No offence to Charles Dickens, but not everybody wants to spend every year with Ebenezer Scrooge and his spectral pals as he learns about the true spirt of the season.
Thankfully, there is live holiday fare out there beyond A Christmas Carol – and here are a few examples opening this week in Canada.
Touchstone Theatre is currently producing a new Christmas-themed show called Lights, by Adam Grant Warren. Set in Newfoundland, it follows Evan, a wheelchair user, as he returns to his childhood home to spend the holidays with his mother, Nancy, who is trying to maintain her independence as she deals with the progression of Alzheimer’s.
Doesn’t sound like a particularly cheery show for this time of year (especially this year), but critic Jerry Wasserman of the indispensable site Vancouver Plays says it is “a thoughtful, funny, original take on the dealing-with-parent’s-dementia play.” His online review makes a convincing case to see it, as Christmas counterprogramming at least. It’s on until Dec. 12.
Another show I’d want to see if I were on the West Coast this week is the North American premiere of Snowflake, by popular British playwright Mike Bartlett (King Charles III, Cock), which is playing at the Red Gate Revue stage on Granville Island courtesy of Mitch and Murray Productions from Dec. 10 to 23.
Variety magazine critic David Benedict called this play about a father and daughter’s reunion “a Christmas drama with a difference” when it premiered in 2019; it examines the impact of the Brexit vote from an original angle and has a contrived but enjoyable twist, according to Benedict.
Stage adaptations of Jane Austen novels have long been a cash cow for regional theatres, second only to holiday shows. Lauren Gunderson and Margot Melcon then may have created the most programmable play of all time with Miss Bennet: Christmas at Pemberley, their holiday-themed sequel to Pride and Prejudice that focuses on middle child Mary.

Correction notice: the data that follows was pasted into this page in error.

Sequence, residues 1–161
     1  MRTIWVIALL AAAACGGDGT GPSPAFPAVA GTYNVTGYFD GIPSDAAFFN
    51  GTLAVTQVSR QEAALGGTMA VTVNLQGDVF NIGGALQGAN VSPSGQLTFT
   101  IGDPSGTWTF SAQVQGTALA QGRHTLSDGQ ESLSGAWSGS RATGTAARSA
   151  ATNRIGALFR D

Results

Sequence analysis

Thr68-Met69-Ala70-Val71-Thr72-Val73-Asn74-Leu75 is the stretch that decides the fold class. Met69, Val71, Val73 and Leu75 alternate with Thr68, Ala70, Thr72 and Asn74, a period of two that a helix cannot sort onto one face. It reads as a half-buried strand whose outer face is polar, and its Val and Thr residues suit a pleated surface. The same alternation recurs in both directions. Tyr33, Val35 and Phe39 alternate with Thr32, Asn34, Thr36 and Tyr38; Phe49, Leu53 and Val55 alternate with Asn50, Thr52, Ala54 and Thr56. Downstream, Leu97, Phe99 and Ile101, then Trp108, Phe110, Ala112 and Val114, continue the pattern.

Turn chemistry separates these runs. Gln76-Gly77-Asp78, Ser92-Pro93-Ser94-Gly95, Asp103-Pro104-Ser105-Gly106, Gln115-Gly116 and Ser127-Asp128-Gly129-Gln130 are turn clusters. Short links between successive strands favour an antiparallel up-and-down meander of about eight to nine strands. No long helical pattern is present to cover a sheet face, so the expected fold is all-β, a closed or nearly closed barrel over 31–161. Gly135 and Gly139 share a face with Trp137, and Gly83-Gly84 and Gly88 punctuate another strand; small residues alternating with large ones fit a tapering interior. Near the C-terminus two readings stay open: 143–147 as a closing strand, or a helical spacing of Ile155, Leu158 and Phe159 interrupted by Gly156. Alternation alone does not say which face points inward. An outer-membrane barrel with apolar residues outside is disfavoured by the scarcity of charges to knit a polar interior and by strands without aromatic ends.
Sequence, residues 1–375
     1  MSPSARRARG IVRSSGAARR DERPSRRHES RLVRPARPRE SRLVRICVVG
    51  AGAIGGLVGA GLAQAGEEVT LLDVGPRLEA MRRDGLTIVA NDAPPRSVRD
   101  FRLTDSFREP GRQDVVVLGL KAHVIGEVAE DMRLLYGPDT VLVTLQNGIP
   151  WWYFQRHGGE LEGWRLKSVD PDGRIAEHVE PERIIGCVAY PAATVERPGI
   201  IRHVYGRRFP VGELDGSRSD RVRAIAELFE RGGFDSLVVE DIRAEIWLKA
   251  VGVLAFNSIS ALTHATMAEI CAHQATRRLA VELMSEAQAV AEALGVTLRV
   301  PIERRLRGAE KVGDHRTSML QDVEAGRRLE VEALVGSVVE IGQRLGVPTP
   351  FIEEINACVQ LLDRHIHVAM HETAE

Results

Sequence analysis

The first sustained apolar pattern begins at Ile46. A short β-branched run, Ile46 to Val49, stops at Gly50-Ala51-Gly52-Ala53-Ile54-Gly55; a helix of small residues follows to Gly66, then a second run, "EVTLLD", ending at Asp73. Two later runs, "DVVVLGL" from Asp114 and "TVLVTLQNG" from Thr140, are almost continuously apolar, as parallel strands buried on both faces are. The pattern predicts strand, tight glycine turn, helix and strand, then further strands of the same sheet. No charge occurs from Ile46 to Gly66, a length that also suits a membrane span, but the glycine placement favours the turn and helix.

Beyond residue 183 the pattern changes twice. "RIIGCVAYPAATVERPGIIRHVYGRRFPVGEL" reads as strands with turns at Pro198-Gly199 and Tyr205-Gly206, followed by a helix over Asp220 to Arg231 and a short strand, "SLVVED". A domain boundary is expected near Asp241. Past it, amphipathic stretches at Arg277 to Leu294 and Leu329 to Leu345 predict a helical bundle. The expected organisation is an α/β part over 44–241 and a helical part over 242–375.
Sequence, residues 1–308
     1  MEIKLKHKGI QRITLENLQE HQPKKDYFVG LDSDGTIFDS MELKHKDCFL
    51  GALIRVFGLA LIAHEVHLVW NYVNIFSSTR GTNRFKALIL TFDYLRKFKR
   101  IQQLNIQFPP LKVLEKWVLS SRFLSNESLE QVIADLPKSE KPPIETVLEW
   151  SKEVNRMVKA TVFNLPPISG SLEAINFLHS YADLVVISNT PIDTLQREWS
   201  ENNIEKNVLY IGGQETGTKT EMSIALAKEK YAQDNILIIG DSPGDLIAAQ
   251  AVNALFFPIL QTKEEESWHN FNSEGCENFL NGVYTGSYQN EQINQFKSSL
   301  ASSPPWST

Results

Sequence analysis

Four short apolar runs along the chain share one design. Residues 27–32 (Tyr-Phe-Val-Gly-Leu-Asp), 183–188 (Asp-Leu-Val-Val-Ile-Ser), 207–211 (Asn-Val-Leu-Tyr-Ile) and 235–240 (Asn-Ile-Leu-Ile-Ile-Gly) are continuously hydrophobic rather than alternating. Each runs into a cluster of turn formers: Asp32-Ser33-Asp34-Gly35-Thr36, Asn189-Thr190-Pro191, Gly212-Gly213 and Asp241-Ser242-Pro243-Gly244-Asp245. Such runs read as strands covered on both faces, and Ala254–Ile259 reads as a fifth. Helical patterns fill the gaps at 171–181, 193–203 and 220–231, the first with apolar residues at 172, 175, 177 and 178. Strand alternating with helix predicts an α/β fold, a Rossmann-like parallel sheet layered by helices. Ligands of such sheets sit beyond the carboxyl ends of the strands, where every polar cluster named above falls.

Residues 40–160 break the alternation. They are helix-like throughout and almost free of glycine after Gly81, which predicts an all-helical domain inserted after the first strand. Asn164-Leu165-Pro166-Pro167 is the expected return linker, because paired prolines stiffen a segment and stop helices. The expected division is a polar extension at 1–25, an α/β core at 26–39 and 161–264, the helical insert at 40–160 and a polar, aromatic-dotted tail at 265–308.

In Canada, this much-produced show has been staged at the Arts Club in Vancouver and the Royal Manitoba Theatre Centre in Winnipeg, and it now gets a run at Theatre New Brunswick this week.
Director Ryan G. Hinds’ production is being advertised as being influenced by Bridgerton – and the artists involved are certainly more diverse than you find in your average Austen. They are “Mi’kmaq, Black, Latino, trans, Acadian and white” – and from all four Atlantic provinces to boot, Hinds writes in an e-mail.
Miss Bennet plays at the Fredericton Playhouse from Dec. 9 to 11 and then on Dec. 12 at the Imperial Theatre in Saint John.
While the commercial theatre company Mirvish Productions is offering Easter-at-Christmas programming with a touring production of Jesus Christ Superstar, the city’s not-for-profit sector has mostly opted out of the usually lucrative holiday show market. It’s saving all its firepower for January, when theatre companies from Canadian Stage to Soulpepper to Tarragon are all planning to reopen their long-dormant indoor stages.
Second City Toronto, however, is finally back up and running in temporary digs on the Danforth in the new east-end outpost of Comedy Bar. The sketch-comedy institution’s holiday show is called The Fast and the Furiously Festive – and is made up mostly of scenes from the troupe’s fabled archives, performed by the touring company. It kicks off on Dec. 10.
Second City has also just started previews of a mainstage show called Welcome Back To The Future that is scheduled to run at least until March. It’s a mix of sketches that were first part of a show called CERB Your Enthusiasm (a much better title) that only played a very brief run in late 2020, plus some brand-new scenes and a few classics. I’ll be there on Thursday to review.
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